Sunderland FanZone blogger Michael Graham believes the return of Wes Brown could be one of the biggest fillips of all for the club this season.
Whilst much about Paolo Di Canio and his managerial credentials remains something of a tantalising mystery, I think it would be fair to say at this point that modesty is not something that comes easily to the Italian.
He may be only just getting started on his Sunderland 'revolution', but he has yet to meet a spotlight he didn't like.
To Di Canio, the touchline of his fiercest rivals is a stage upon which to strut and slide; a post-game Stadium of Light an arena awaiting his imperial salute; the eight points he achieved from Sunderland's final seven games of last season 'a miracle'.
But for all his swagger and posturing, the former Swindon boss may have pulled off something of genuine substance if, as the opening round of games of the Asia Trophy has suggested, he has helped bring Wes Brown's career back from the brink of retirement and breathed fresh life into it.
In many ways, Brown has become one of football's lost men. The kind of player you find popping into your head over a pint with friends in 10 years' time with no one able to quite remember what on earth happened to him. Actually, I suspect some people even now are already scratching their heads over it.
By way of a brief recap, allow me to bring everyone up to speed. In January 2012, Brown limped out of a FA Cup tie against Middlesbrough with a knee injury that kept him out until the summer. A year ago in a pre-season tournament in Korea he attempted a return only to break down in the first half of his first game which ended his season before it had even begun.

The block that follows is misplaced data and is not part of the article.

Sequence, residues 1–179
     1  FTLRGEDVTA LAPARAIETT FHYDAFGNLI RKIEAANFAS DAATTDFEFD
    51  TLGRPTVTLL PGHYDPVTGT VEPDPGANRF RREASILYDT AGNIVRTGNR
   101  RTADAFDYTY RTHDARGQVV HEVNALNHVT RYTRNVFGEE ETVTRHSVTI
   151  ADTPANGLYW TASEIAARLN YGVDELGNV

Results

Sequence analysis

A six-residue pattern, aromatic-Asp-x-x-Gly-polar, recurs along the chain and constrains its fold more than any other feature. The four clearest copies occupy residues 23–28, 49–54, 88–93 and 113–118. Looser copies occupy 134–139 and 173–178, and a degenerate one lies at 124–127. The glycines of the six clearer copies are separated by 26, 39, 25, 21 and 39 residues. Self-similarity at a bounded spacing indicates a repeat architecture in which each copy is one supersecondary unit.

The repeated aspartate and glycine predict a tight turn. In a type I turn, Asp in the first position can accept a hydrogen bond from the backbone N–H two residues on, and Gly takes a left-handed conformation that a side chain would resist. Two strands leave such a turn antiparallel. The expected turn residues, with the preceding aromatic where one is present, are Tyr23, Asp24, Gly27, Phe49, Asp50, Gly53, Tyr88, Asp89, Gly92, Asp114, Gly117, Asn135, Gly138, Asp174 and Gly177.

Since then, just about everyone has given up on Brown. Fans had all but flushed him from their memories, the club offered to settle his contract, and Di Canio informed him he would not be part of his plans.
"I have to be honest and say that he was not on my list for the future", said the Sunderland manager. "After one year and two months out, at his age, I couldn't start thinking about a player who I didn't know if I could rely upon. I spoke to him and was clear that he wasn't on the list."
Indeed, the only person who refused to write off Brown was the player himself, and that faith looks like it may be vindicated following his successful return to the Sunderland side with a man-of-the-match goalscoring performance against Tottenham on a sodden Hong Kong pitch.
It was a timely reminder that, when fit and firing, centre-backs don't really come much better than Brown. For a club with an obvious soft centre last season, the potential return of a player of his calibre is a big and unexpected boost.
Whether or not Brown can stay free from serious injury is the big question, but there is cause for optimism there. The general perception of Di Canio's pre-season routine is that it is not so much designed to build fitness but rather to sort the survivors from the rest, and Brown is said to have come through it without any hint of struggle.
His record suggests a fresh injury is never really far away, as does his general attitude that a football is there to be vigorously attacked with uncompromising malice as opposed to simply won. There will be no counting of chickens on Wearside, you can be sure of that.
But for the moment there is no question that Brown has worked his way back into the picture at Sunderland. "I'm very happy to tell him now that he's completely on my list", enthused Di Canio, and that may just make him the best summer addition for the busy Black Cats.
As for his manager, he appeared unusually content to shine the spotlight on someone else for a change, which probably translates as the biggest compliment he has to offer. For a time it even almost seemed he wasn't going to claim the merest sliver of it for himself.
"It proves the quality of my technical staff", insisted Di Canio at the death. Well played.